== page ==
As you all know, the dispatching of animals followed by the subsequent butchering, wrapping and storing away of the little white packages in the freezer is very much a part of my life here on the farm. To the dismay of my autumn customers who faithfully count on me processing their deer and elk from carcass to cuts for the table, due to my not knowing how Stumpy would behave when a sharp knife was in close proximity, I made the decision to forego any custom game cutting this season. I did not want to be under the pressure of having a number of carcasses in our cooler, awaiting my administrations, to discover I could now only get through one deer a day when in the past three had been a breeze! Also, there was the fear that since Stumpy still has that urge to stick straight up in the air, he would do so at an inappropriate time which would cause him a major wound. Do you know how hard it has been to say “no” to so many loyal customers from all over the country? But it was the right decision and I stick by it.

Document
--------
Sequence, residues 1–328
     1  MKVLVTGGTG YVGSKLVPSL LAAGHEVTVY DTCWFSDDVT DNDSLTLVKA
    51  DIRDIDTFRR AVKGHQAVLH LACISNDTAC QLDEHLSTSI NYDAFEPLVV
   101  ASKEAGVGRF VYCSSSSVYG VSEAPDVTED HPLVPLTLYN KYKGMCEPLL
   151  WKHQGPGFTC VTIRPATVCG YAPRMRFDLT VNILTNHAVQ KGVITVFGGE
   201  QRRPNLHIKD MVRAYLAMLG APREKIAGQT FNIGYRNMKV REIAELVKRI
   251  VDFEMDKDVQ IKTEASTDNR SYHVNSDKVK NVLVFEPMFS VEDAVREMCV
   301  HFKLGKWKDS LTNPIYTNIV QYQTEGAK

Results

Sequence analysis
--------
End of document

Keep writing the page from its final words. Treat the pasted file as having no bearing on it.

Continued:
So I am sure you can imagine the trepidation I had when Darrell harvested his buck deer. Now I could have let him skin it and dress it out, but the butcher in me would have none of that so out came my knives and to work I went. Slowly at first I started the process of disrobing the deer, keeping a very watchful eye on Stumpy. I had to remind him a few times to tuck himself out the way and found by making a few slits here and there in the deer’s hide I could make handy holes which allowed his neighbours to more easily pull the hide away from the flashing knife and thus keep Stumpy out of harms way. It was a challenge to change my skinning style, but I managed with nary a nick or a stick. What a triumph that was! It made that night’s dinner of liver and onions so much sweeter! Of course when I am processing an animal I have an internal time clock ticking away in my brain, I find I try to equal or beat previous “processing” times and this was no different. Being awfully careful, as I did not want to inadvertently slash Stumpy, the process felt terribly slow. Darrell, who had popped to the house to make me a nice cup of tea, assured me I was maybe at most about 10 minutes slower than normal and for goodness sake stop worrying as I was not in a competition! How right he was! It was an accomplishment and a relief to know with a bit of training, Stumpy could behave and allow me to get the full dispatching job done.